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I know we can make rules of the kind:

magic/:f_[x___,magic[a_],y___]:=f[x,arg[a],y]

This will replace magic[a] by arg[a] whenever magic[a] is the argument of a function.

Suppose I want arg[a] to be replaced by a, but only when arg[a] is NOT the argument of a function. Ie. I want a rule that applies only on top-level, only in those situations where the first pattern would not apply. Making arg[a_] := a is inadequate. In pseudocode it would be arg[a_] := a /; Not[FunctionArgument[arg[a]]]. Is this possible to achieve in Mathematica?

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  • $\begingroup$ What exactly do you mean by "top-level"? Do you actually mean when arg[a] is only at Level 1? In that case, you can use Replace[expr, arg[a] -> a, {1}] to repalce only at level 1. However, I suspect that that's not quite what you mean, because, for instance, Replace[arg[a]^2 + arg[a], arg[a] -> a, {1}] would yield arg[a]^2 + a, and I suspect that you would want the other arg[a] replaced as well. Can you clarify? For instance, what kinds of expressions are you looking to make this replacement in? $\endgroup$
    – march
    Commented Sep 3, 2021 at 20:33
  • $\begingroup$ No, actually, Replace[expr, arg[a] -> a, {1}] is correct as you described. I'm not sure if or how it's possible to turn this kind of replace into a rewriting rule. Ie. I want arg[a] to be automatically replaced by a whenever arg[a] is NOT in a pattern of the form f_[x___,arg[a_],y___] . Which is not very often, but it can happen. I suspect the negation goes "against" the usual rules of defining transformation. $\endgroup$ Commented Sep 3, 2021 at 21:53
  • $\begingroup$ I wonder if this rule would work. We could probably simplify it, but I think this might work. The idea is that ReplaceAll starts from the top level and if it changes a subexpression, it doesn't replace any subexpressions of the subexpression. So we design a rule that matches a general expression at the top level:(f_[x__, arg[a], y___] | f_[x___, arg[a], y__]) :> f[x, a, y] $\endgroup$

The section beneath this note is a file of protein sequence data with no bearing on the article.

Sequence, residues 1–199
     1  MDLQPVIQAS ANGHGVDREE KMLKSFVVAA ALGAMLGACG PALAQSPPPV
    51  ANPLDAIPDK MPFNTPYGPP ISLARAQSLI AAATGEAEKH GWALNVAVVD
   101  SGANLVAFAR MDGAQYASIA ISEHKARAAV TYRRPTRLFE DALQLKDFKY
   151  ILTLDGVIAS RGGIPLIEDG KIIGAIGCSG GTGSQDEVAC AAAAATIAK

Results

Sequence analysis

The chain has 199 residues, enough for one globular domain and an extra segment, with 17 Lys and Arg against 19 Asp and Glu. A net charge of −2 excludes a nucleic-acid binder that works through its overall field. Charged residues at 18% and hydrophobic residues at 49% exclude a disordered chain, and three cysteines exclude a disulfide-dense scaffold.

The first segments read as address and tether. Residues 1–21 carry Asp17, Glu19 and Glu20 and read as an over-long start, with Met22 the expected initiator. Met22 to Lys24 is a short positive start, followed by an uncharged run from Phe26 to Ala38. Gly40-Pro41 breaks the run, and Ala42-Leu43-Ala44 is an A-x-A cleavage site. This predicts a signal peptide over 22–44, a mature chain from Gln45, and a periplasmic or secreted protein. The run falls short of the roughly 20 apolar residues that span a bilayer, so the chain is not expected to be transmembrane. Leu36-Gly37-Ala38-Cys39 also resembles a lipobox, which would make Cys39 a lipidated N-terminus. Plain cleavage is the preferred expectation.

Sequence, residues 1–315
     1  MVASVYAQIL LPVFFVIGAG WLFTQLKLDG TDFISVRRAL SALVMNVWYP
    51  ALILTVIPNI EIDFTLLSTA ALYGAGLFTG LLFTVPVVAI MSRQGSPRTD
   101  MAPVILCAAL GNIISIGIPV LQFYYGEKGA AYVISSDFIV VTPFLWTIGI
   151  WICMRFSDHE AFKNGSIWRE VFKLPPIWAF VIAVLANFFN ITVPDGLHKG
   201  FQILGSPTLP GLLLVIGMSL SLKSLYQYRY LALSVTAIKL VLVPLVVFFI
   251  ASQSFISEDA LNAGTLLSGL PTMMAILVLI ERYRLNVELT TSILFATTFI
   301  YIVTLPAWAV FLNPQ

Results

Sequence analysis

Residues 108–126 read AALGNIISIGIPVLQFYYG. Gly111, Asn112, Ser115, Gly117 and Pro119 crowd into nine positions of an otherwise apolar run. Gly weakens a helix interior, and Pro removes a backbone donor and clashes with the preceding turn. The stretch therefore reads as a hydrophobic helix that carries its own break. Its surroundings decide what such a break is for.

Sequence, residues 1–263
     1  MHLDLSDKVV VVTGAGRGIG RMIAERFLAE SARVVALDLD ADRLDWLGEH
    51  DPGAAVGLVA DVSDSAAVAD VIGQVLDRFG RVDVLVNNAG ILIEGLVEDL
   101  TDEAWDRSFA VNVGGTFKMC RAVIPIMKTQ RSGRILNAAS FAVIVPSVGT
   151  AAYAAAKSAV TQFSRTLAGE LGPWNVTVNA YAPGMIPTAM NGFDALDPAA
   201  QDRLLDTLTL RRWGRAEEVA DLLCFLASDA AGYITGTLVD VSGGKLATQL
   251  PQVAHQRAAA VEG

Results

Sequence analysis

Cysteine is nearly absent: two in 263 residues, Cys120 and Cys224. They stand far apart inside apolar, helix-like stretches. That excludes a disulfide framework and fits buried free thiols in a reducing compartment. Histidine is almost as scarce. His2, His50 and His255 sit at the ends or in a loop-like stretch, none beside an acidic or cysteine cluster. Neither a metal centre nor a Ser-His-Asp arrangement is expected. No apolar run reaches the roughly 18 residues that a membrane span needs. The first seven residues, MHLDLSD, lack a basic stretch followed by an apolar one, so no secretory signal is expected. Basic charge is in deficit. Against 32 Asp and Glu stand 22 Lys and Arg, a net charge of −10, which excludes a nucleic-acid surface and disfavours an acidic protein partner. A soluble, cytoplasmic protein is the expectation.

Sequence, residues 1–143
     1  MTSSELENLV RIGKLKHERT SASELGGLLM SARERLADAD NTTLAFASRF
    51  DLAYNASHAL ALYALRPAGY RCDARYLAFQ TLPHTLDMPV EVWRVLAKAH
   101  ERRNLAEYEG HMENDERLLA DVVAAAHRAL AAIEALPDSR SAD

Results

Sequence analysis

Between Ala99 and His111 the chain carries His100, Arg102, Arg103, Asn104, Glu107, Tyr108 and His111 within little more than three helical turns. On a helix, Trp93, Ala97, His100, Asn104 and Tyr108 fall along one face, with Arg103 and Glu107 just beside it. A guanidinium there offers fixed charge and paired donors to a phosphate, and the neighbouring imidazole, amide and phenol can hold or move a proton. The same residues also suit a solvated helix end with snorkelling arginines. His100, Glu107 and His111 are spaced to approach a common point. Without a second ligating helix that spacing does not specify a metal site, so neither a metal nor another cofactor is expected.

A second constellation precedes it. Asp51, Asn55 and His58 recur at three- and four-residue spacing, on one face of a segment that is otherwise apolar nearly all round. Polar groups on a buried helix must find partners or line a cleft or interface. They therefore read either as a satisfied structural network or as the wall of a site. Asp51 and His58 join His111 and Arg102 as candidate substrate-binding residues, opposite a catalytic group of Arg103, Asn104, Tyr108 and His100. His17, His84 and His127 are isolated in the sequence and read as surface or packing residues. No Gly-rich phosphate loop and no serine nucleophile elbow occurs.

– march
    Commented Sep 3, 2021 at 22:06
  • $\begingroup$ Although, that might also do essentially the same thing as magic/:f_[x___,arg[a_],y___]:=f[x,arg[a],y]. Actually, now that I think about it, I'm still a little confused about what you need. Can you give some example inputs and outputs that show the problem cases? $\endgroup$
    – march
    Commented Sep 3, 2021 at 22:07

1 Answer 1

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So, one way we could approach this is by inspecting the evaluation stack:

arg[a_] := a /; StackInhibit[Stack[] === {arg, RuleCondition}]

StackInhibit just means we don't have to also worry about matching SameQ, so it's not totally necessary. This could also be subverted by appropriate StackBegins, but that could be viewed as either a bug or a feature: if we want to force arg[a] to "behave like a top level expression", surround it with StackBegin. There might be more robust, general, or elegant ways to get this same behavior.

Let's try it out:

arg[5]

(* Out: 5 *)

x := arg[5]

x

(* Out: 5 *)

f[arg[5]]

(* Out: f[arg[5]] *)

But there are some cases where it doesn't work as you might expect:

Null; arg[5]

(* Out: arg[5] *)

Block[{x}, arg[5]]

(* Out: arg[5] *)

I wonder if there's a way around this.


There is an ad-hoc way to apply a rule to every output expression, by setting $Post:

$Post = Replace[arg[a_] :> a];

(Note that Replace by default operates only on the whole expression, unlike ReplaceAll (/.), so we don't need to specify the level.)

While this will fix the examples above, it is local to a given kernel session, has to play nicely with potential other definitions of $Post, and is not a property of the head arg, so it might not be desirable.

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